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FSA, HSA & HRA: What's the difference?

Healthcare answers in 60 seconds.

What's the difference between a flexible spending account and a health savings account?

FSA's and HSAs are pre-tax accounts you can use to pay for healthcare related expenses. To qualify for an HSA you must have a high deductible health plan. With both FSA's and HSAs you can pay for things like co-pays medical bills and vision expenses.

An FSA is like a line of credit. For example, if your account balance is $50 in January but you'd like to buy a two hundred dollar pair of prescription eyeglasses, you can as long as you're on track to save at least two hundred dollars by the year's end. You're covered but remember when the year is up if you don't use it you could lose it.

With an HSA, the money you save always stays with you. Keep in mind you can only spend money you've already saved.

Healthcare question answered.


The video above covers the basics of a Flexible Spending Account (FSA), a Health Savings Account (HSA) and a Health Reimbursement Account (HRA). Now let Maxine, Phil, Sally and Mateo (fictional characters) show you how different life events and financial goals can affect a person’s choice of a health care account.

FSA: A mom budgets for her family’s health care

Maxine, 34, is a working mom who lives in Jacksonville, Florida. With her two kids out of the house in the mornings, Maxine has time for a run before work. The regular exercise makes her feel strong, but a nagging pain in her hip needs professional care. In addition, Maxine’s toddler often picks up viruses at daycare. This leads to fevers and ear infections. Her husband, George, has allergies and needs shots to ease his symptoms.

Given the family's many trips to the doctor, Maxine chooses a low-deductible health plan. That means she can open an FSA to reimburse her for qualified health expenses she incurs during the year. One great advantage of an FSA is that the funds are available to you on day one. So while Maxine makes monthly pre-tax contributions of $200, the entire $2,400 annual amount is available for her to use on the first day she’s enrolled. And because the account is funded with pre-tax money, she’ll save about 30 cents on each dollar on all eligible health care bills. The one drawback, however, is that you often must use all the funds in your FSA by the end of the  plan year or forfeit what’s left.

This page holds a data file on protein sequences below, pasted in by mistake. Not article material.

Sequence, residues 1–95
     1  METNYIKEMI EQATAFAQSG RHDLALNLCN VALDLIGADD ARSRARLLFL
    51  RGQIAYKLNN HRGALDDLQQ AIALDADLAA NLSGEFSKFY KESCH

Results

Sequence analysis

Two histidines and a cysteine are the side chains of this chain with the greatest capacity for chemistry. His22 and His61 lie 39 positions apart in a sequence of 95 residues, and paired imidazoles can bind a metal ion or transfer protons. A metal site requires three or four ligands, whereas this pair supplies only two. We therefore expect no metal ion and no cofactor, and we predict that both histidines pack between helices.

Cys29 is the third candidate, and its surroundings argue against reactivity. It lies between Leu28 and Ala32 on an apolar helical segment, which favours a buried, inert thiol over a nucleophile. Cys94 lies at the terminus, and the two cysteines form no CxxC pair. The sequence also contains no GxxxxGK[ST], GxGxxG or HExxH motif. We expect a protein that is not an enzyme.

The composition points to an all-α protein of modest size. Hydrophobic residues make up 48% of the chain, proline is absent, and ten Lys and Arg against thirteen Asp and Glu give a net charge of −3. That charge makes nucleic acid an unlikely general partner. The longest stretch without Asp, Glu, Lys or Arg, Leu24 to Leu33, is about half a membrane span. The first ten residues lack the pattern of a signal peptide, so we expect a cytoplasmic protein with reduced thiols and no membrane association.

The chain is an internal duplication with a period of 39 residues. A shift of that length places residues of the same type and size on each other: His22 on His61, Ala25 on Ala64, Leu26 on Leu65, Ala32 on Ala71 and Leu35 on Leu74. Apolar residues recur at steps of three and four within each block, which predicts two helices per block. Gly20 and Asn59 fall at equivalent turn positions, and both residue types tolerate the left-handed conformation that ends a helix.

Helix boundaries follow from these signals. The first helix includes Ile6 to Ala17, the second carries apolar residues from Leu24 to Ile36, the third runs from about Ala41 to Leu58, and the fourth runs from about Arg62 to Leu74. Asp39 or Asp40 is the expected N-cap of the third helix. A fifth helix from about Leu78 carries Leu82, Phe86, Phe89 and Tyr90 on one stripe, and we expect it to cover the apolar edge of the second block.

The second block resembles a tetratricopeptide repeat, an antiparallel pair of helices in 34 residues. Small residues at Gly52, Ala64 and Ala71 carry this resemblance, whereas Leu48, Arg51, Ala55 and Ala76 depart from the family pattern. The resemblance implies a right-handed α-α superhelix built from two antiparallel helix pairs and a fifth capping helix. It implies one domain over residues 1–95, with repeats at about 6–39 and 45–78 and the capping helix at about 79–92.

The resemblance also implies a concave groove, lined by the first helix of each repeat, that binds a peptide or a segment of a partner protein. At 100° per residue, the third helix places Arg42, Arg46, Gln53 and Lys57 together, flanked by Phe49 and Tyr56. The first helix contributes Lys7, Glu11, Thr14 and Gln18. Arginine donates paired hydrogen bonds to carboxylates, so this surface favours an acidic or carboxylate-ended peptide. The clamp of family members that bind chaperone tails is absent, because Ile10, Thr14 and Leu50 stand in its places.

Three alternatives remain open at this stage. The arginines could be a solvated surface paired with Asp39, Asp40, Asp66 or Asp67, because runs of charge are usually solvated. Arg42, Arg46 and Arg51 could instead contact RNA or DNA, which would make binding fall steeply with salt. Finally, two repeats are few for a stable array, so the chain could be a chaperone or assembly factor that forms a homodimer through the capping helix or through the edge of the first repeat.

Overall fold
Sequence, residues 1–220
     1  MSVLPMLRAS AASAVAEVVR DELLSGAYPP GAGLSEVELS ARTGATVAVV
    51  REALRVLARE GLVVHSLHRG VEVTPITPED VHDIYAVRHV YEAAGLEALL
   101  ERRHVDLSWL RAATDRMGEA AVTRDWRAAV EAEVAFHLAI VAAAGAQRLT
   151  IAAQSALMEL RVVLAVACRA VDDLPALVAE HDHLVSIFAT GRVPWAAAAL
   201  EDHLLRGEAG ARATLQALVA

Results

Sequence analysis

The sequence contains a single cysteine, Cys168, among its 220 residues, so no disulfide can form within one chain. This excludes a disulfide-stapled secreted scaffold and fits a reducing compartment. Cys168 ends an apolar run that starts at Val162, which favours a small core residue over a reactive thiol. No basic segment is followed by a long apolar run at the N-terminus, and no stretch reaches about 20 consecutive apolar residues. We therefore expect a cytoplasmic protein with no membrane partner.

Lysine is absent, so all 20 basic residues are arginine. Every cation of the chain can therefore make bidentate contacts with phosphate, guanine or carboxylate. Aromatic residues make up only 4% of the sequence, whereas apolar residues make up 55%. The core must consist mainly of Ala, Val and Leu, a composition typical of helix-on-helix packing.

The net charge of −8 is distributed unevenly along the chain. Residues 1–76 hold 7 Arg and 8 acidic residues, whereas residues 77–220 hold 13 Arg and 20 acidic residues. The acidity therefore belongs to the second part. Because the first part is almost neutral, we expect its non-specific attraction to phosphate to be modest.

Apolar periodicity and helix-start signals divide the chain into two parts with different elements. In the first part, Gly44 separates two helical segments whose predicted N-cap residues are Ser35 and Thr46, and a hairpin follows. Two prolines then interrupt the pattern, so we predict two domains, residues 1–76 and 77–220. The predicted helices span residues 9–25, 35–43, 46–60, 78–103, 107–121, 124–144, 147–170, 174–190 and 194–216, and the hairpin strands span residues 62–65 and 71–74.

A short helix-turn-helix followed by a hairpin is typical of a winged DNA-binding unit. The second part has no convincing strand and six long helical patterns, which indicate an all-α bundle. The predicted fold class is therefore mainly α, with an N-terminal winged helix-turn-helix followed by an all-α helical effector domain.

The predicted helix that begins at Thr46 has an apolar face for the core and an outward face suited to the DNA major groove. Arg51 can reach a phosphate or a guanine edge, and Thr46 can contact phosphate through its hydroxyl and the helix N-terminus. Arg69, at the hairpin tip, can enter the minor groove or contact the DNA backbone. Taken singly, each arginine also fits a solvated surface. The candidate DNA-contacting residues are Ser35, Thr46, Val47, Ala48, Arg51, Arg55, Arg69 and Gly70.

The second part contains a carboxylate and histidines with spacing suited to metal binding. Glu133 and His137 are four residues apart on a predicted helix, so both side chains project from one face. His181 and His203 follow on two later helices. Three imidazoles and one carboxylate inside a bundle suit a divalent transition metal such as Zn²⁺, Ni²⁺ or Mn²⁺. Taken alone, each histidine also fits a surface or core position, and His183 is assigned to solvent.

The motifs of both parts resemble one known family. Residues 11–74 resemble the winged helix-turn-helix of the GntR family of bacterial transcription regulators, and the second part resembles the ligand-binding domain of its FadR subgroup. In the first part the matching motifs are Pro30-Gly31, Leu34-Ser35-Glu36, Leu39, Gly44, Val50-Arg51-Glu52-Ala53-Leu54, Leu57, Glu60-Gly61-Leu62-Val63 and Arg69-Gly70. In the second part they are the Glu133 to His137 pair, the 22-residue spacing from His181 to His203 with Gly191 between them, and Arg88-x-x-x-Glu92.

Maxine will use her FSA to cover costs for treating her hip, George’s allergies and their kids’ doctor visits. Toward the end of the year, if she still has  funds left, she can stock up on health care supplies she knows her family will use, such as bandages, over-the-counter pain meds or a heating pad. Juggling work and fitness isn’t easy, but Maxine is happy her FSA helps her save money.

HSA: A young man plans for the future

Phil, 26, is single and living in Raleigh, North Carolina. He loves his job as a programmer for a gaming start-up. But his real passion is hosting dinner parties for friends. His homemade dishes are chock full of fresh veggies, helping Phil stay healthy. In fact, the only time he visits his doctor is for preventive care for things like an annual check-up and a flu shot. Phil chooses a low-cost, high-deductible health plan (HDHP) because he thinks he'll have very few health expenses over the coming year. This means he’s eligible for either an HSA or an FSA.

He picks an HSA because the money he contributes to his HSA rolls over from one year to the next. His employer may even contribute to the account. And he understands the triple tax savings of an HSA:

  • Funds are tax-free going into the account
  • Money grows tax-free with interest
  • Investment earnings and withdrawals for qualified medical expenses are also tax-free